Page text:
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The 9 to 5 Home Business Tug o' War

By Elena Fawkner

Perhaps the scarcest commodity the new home-business
owner just starting out has is time.  This is particularly
so if you are also working a traditional, full-time job and
building up your business "on the side" in your spare time.

This is a situation I am all too familiar with.  I still
work a full-time 8:30 - 5:00 job while building my own
internet-based business in my spare time.  So how do you
go about burning the candle at both ends without burning
yourself out in the process?

First off, let's think about priorities.  Working a full-
time job while developing a business requires stamina and
endurance if other areas of your life are not to be
neglected.  This means being fit and healthy.  Make time to
exercise at least three times a week.  Four or five is
better.  I know how hard it can be to commit an hour to
working out when you've got an endless (and I mean ENDLESS!)
list of things you need to be doing NOW for your business.
But make the time.  It pays BIG dividends in terms of stamina
and endurance. For me, this means getting up at 4:00 am on
workout days.  If that's what it takes for you, do it!

Second, eat right.  Don't just grab a McBurger on the way
home from work and scoff it down as you're driving.  Take
the time to cook a proper meal and relax for a half hour
or an hour before getting down to business.  This gives you
a break and time to unwind from the pressures of the day,
making you much more productive when you do get down to
work.  Eating proper meals will keep you in good health and,
coupled with a regular exercise routine, will help keep
your energy levels high.

OK, so you're physically in shape and taking care of
yourself.  The next major thing to think about is time
management.  Every weekend, before the working week starts,
prepare a business plan for the coming week.  This is
nothing more complicated that writing down the various
business-related activities you must do over the course of
the coming week and then scheduling them according to how much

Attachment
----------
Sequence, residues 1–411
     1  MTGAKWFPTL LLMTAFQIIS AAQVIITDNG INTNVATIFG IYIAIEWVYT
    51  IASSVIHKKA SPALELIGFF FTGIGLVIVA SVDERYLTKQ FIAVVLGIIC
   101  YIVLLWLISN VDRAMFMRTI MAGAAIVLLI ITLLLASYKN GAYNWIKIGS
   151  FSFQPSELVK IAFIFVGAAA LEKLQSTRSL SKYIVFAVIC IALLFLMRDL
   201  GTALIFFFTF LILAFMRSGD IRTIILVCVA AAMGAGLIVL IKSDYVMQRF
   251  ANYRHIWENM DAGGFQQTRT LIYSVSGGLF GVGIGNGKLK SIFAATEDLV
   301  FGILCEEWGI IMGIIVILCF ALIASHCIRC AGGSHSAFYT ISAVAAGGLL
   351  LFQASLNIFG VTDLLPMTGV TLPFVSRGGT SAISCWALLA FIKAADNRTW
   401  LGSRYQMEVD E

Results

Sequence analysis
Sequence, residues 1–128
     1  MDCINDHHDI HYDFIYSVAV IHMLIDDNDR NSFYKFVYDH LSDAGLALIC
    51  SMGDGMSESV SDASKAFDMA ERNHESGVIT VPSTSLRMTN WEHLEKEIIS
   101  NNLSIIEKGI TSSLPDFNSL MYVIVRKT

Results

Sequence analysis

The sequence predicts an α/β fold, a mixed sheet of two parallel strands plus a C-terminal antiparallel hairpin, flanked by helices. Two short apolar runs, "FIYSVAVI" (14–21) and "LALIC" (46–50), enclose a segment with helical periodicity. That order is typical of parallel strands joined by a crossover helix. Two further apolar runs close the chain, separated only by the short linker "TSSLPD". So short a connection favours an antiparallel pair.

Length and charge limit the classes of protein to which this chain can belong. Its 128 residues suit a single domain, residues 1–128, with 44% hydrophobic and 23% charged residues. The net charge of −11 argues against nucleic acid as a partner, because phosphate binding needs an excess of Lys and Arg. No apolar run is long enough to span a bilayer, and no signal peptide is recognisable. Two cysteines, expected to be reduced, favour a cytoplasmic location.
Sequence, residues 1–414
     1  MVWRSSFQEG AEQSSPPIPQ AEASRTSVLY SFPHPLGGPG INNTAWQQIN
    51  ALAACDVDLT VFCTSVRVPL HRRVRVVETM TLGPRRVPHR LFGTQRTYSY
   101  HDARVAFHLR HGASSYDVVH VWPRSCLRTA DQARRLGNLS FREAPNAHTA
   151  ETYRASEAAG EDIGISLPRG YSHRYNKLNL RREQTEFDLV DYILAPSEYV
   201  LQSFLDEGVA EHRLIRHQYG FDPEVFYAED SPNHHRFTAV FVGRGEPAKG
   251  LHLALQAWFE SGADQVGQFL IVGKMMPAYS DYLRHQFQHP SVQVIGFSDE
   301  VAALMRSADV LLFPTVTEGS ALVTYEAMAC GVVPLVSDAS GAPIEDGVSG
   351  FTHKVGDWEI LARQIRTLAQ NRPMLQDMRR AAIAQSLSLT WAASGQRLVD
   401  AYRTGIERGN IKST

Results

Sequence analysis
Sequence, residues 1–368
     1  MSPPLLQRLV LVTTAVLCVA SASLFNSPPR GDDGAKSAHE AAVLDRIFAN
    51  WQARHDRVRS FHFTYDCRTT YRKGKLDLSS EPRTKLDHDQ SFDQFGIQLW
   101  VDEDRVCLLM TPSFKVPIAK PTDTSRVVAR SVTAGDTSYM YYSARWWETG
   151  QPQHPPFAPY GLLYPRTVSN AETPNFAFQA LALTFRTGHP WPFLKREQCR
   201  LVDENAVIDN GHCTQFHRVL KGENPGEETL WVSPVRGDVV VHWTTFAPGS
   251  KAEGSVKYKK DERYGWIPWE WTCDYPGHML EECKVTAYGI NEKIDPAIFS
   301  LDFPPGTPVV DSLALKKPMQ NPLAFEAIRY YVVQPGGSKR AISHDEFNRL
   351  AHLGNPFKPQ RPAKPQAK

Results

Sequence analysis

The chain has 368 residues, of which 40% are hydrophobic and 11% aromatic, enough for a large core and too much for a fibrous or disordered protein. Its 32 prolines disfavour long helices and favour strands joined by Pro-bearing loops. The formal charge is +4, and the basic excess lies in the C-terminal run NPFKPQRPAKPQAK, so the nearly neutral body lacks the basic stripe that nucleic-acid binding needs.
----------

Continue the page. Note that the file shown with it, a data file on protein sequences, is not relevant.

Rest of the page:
time you know you are going to have on a particular day.  By
planning out your time this way, you can schedule your
business activities alongside your other activities.  Take
care of as many of them as you can through the course of the
day.  Whether you are able to do this depends on the nature
of your 9 to 5 job but if you have even a little autonomy you
should be able to squeeze out a little time here and there.
Not huge chunks, just 10 minutes here and there.

The nature of your job may mean you don't have the luxury
of that sort of autonomy.  If this is you, then there's
nothing for it but to free up time before and after work.
This may mean getting up an hour earlier every day, for example.

Whatever your personal situation, by planning ahead you will
at least have the peace of mind of knowing that time has
been allocated to all important business-related tasks.
By eliminating the "scatter gun" approach you will find that
the limited time you do have will be much more productive.

There are going to be some activities that you have to do
day in, day out.  Decide what time of the day is best for
you to attend to these routine tasks.  The more you can
integrate business activities into your daily routine the
more efficient will be your use of time.  Let's take email,
for example.  Anyone running an online business has to deal
with email on a daily basis.  I use the time between when I
get up in the morning and when I start my workout for this.
It gives me time to wake up before I launch into physical
activity and it is a relatively undemanding task that does
not require precision concentration.

Make use of autoresponders for as much of your email
processing as possible.  This will further reduce the amount
of time you have to spend on this aspect of your business.

Other routine activities include things like site promotion
and search engine position monitoring.  Now there are a lot
of great tools to help webmasters with this part of their
business.  For example, WebPosition Gold will automatically
review your position in all the major search engines and
report back to you with the results.  It can also be
programmed to auto-submit at appropriate intervals.  Be sure
to use quality automated tools wherever possible.  They can
save you literally hours of work every week and as we all
know, time is money in this business.

Keep a journal for a week.  Record in it everything you do
during the day from the moment you get up in the morning
to the moment you go to bed.  What activities can you
eliminate in favour of freeing up some time for your
business?  Maybe it means getting up an hour earlier.
Maybe it's forgoing the sleep-in on the weekend.  Maybe it
means giving up those two hours of TV every night.  You will
find even 15-20 minutes blocks here and there can add up to a
sizeable chunk of time over a week or a month.

If you travel, keep a copy of your website on your laptop
and work on it while you're in the air or waiting for a
flight.  Or answer your email ready to send it when you get
plugged in again.

As you can see, the trick is to practice the "nibble"
technique.  If you wait until you have a great chunk of time
in one block, such as the weekend, you'll only waste all of
those little bits of time you could have put to good use
during the week and fritter away your "quality" time on
routine tasks rather than business development.

One final piece of advice.  Take time every week to just
relax and do something you want to do.  Although the
pressures of a new business are demanding, failing to take
time out will only lead to burn out.


Elena Fawkner is editor of A Home-Based Business Online ... practical ideas, resources and strategies for your home-based or online business. http://www.ahbbo.com


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